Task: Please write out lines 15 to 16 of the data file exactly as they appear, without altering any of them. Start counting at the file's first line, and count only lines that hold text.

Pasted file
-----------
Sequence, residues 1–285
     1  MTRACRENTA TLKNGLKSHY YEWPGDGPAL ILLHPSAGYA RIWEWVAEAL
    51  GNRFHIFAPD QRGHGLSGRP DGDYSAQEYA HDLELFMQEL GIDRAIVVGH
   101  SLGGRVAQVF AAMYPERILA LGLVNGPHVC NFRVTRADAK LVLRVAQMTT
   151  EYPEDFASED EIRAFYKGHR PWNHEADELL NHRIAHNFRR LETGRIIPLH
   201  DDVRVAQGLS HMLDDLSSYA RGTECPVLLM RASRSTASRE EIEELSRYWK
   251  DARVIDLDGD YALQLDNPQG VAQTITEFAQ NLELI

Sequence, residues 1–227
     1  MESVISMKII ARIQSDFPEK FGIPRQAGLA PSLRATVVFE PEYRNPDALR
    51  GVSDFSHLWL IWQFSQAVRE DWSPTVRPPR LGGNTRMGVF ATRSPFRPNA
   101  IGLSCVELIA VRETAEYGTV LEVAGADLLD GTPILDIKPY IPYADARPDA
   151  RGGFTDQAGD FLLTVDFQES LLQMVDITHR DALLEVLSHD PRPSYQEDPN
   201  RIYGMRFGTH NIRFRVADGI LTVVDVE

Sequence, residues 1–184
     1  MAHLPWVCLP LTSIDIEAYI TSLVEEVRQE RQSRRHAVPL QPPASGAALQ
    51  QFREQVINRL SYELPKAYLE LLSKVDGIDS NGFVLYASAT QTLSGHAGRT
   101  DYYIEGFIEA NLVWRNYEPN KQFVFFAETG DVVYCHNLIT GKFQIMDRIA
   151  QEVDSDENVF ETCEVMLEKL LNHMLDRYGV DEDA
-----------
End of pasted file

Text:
     1  MAHLPWVCLP LTSIDIEAYI TSLVEEVRQE RQSRRHAVPL QPPASGAALQ
    51  QFREQVINRL SYELPKAYLE LLSKVDGIDS NGFVLYASAT QTLSGHAGRT